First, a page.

New York City. 1975. On an empty Broadway stage, 18 performers are put through their paces in the final, gruelling audition for a new Broadway musical. Only eight will make the cut. The audition takes an unexpected turn as the director, Zach, invites the performers to open up about their lives and what brought them into theatre. What follows are searing stories of ambition, childhood, shattered dreams and what it means to follow your dreams onto the stage. The emotional stakes are heightened when Zach’s ex-lover Cassie, fresh from an attempt to make it in Hollywood, wants to audition for the chorus line.

The cast features a host of familiar faces to Curve, including West Side Story company members Ronan Burns as Bobby Mills, Beth Hinton-Lever as Bebe Benzenheimer, Katie Lee as Kristine Ulrich and Redmand Rance as Mike Costa.

The cast is completed by Emily Barnett-Salter as Sheila Bryant, Bradley Delarosbel as Gregory Gardner, Lizzy-Rose Esin-Kelly as Diana Morales, André Fabien Francis as Richie Walters, Ainsley Hall Ricketts as Paul San Marco, Joshua Lay as Al Deluca, Kanako Nakano as Judy Turner, Hicaro Nicolai as Swing, Jamie O’Leary as Mark Anthony, Tom Partridge as Don Kerr, Rachel Jayne Picar as Connie Wong, Chloe Saunders as Val Clarke, Charlotte Scott as Maggie Winslow, Hollie Smith-Nelson as Swing, Marina Tavolieri as Swing and Taylor Walker as Larry.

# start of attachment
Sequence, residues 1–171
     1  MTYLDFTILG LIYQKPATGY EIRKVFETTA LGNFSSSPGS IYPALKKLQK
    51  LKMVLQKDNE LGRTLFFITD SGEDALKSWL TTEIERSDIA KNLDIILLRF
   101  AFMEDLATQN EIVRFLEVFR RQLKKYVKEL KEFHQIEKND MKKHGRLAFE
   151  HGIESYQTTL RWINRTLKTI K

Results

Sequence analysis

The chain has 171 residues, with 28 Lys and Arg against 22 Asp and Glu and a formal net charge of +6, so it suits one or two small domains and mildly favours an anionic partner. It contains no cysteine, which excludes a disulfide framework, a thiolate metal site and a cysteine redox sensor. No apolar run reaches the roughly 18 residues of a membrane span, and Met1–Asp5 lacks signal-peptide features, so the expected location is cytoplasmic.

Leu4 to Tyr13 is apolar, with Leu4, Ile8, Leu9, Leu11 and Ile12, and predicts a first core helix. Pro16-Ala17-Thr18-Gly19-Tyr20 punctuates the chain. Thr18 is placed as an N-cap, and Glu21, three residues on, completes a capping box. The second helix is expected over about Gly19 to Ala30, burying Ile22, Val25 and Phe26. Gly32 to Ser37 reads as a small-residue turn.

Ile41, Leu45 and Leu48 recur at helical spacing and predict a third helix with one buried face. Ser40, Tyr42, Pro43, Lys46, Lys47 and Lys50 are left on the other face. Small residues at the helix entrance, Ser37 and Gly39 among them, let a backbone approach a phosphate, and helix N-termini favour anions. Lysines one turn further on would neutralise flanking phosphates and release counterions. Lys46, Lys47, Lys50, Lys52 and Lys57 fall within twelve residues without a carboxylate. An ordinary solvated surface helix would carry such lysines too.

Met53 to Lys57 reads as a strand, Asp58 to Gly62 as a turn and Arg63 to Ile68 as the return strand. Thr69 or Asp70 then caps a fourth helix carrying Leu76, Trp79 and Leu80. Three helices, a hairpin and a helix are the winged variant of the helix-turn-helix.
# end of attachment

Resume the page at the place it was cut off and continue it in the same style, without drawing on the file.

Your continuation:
Conceived & Originally Directed & Choreographed by Michael Bennett
Book by James Kirkwood & Nicholas Dante
Music by Marvin Hamlisch Lyrics by Edward Kleban
Co-choreographed by Bob Avian
Director Nikolai Foster
Choreographer Ellen Kane
Designer Grace Smart
Musical Supervisor David Shrubsole
Costume Designer Edd Lindley
Lighting Designer Howard Hudson
Sound Designer Tom Marshall
Musical Director Tamara Saringer
Casting Director Kay Magson CDG

Directed by Nikolai Foster
Choreography by Ellen Kane
Featuring Adam Cooper as Zach and Carly Mercedes Dyer as Cassie
FRI 3 – FRI 31 DEC 2021